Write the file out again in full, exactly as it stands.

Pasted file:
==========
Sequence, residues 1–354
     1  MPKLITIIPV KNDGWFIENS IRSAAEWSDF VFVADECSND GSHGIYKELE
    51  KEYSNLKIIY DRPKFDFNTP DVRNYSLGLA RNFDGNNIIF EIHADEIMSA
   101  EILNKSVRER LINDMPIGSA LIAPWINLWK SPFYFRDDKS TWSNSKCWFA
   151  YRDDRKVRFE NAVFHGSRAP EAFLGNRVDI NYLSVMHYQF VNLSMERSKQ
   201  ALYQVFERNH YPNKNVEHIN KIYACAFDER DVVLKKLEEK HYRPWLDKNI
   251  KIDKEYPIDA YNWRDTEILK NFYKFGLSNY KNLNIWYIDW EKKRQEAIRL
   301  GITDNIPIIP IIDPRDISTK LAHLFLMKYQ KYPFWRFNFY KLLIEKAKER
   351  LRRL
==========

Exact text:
Sequence, residues 1–354
     1  MPKLITIIPV KNDGWFIENS IRSAAEWSDF VFVADECSND GSHGIYKELE
    51  KEYSNLKIIY DRPKFDFNTP DVRNYSLGLA RNFDGNNIIF EIHADEIMSA
   101  EILNKSVRER LINDMPIGSA LIAPWINLWK SPFYFRDDKS TWSNSKCWFA
   151  YRDDRKVRFE NAVFHGSRAP EAFLGNRVDI NYLSVMHYQF VNLSMERSKQ
   201  ALYQVFERNH YPNKNVEHIN KIYACAFDER DVVLKKLEEK HYRPWLDKNI
   251  KIDKEYPIDA YNWRDTEILK NFYKFGLSNY KNLNIWYIDW EKKRQEAIRL
   301  GITDNIPIIP IIDPRDISTK LAHLFLMKYQ KYPFWRFNFY KLLIEKAKER
   351  LRRL